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Realism in the visual arts and literature is the general attempt to depict subjects as they are considered to exist in third person objective reality, without embellishment or interpretation and "in accordance with secular, empirical rules." As such, the approach inherently implies a belief that such reality is ontologically independent of man's conceptual schemes, linguistic practices and beliefs, and thus can be known (or knowable) to the artist, who can in turn represent this 'reality' faithfully. As Ian Watt states, modern realism "begins from the position that truth can be discovered by the individual through the senses" and as such "it has its origins in Descartes and Locke, and received its first full formulation by Thomas Reid in the middle of the eighteenth century."
In its most specific sense, Realism was an artistic movement that began in France in the 1850s, after the 1848 Revolution. These Realists positioned themselves against Romanticism, a genre dominating French literature and artwork in the late 18th and early 19th centuries. Seeking to be undistorted by personal bias, Realism believed in the ideology of objective reality and revolted against the exaggerated emotionalism of the Romantic movement. Truth and accuracy became the goals of many Realists. Many paintings depicted people at work, underscoring the changes wrought by the Industrial and Commercial Revolutions. The popularity of such 'realistic' works grew with the introduction of photography — a new visual source that created a desire for people to produce representations which look “objectively real.”
In general, realists render everyday characters, situations, dilemmas, and objects, all in a "true-to-life" manner. Realists tend to discard theatrical drama, lofty subjects and classical forms of art in favor of commonplace themes. The term is applied to, or used as a name for, various art movements or other groups of artists in art history. The artists at this time "told it as it is" so to speak. They drew what they had seen without any bias added. The artists simply focused on what was happening in front of them.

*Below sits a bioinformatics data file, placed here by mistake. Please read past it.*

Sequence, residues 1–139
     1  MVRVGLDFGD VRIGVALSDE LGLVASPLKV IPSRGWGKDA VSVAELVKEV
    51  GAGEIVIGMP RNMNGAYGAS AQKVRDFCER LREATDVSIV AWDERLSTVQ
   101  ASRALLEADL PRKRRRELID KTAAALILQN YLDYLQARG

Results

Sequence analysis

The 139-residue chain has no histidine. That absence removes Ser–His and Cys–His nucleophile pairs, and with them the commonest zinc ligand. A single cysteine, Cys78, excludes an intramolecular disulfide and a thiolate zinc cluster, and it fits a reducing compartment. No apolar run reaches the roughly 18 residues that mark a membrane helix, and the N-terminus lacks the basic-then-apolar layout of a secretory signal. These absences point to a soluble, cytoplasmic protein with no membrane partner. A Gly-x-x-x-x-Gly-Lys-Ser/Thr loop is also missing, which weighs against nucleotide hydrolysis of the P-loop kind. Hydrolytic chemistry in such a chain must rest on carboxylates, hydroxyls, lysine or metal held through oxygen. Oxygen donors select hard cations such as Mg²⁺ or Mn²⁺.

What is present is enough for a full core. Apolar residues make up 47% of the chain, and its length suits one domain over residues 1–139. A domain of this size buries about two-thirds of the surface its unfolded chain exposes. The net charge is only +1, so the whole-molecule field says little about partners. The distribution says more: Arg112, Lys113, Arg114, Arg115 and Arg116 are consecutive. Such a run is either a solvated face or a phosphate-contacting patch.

Broadly defined as "the faithful representation of reality", was based on the dogma of "objective reality", and was focused on showing everyday, quotidian activities and life, primarily among the middle or lower class society, without romantic idealization or dramatization.
While the preceding romantic era was also a reaction against the values of the Industrial Revolution, realism was in its turn a reaction to romanticism, and for this reason it is also commonly derogatorily referred as "traditional" "bourgeois realism". Some writers of Victorian literature produced works of realism. The rigidities, conventions, and other limitations of "bourgeois realism," prompted in their turn the revolt later labeled as modernism; starting around the 1900, the driving motive of modernist literature was the criticism of the 19th-century bourgeois social order and world view, which was countered with an antirationalist, antirealist and antibourgeois program.
The achievement of realism in the theatre was to direct attention to the social and psychological problems of ordinary life. In its dramas, people emerge as victims of forces larger than themselves, as individuals confronted with a rapidly accelerating world. These pioneering playwrights were unafraid to present their characters as ordinary, impotent, and unable to arrive at answers to their predicaments. This type of art represents what we see with our human eyes.
Italian Neorealism was a cinematic movement incorporating elements of realism that developed in post-WWII Italy. Notable Neorealists included Vittorio De Sica, Luchino Visconti, and Roberto Rossellini.
Gustave Courbet, Stone-Breakers, 1849.
Jean-François Millet, The Sower, 1850.
Oswald Achenbach, Abendstimmung in der Campagna, 1850.
Jules Breton, The Song of the Lark, 1884
Eilif Peterssen, The salmon fisher, 1889.
Ilya Repin, They did not Expect Him, 1884-1888.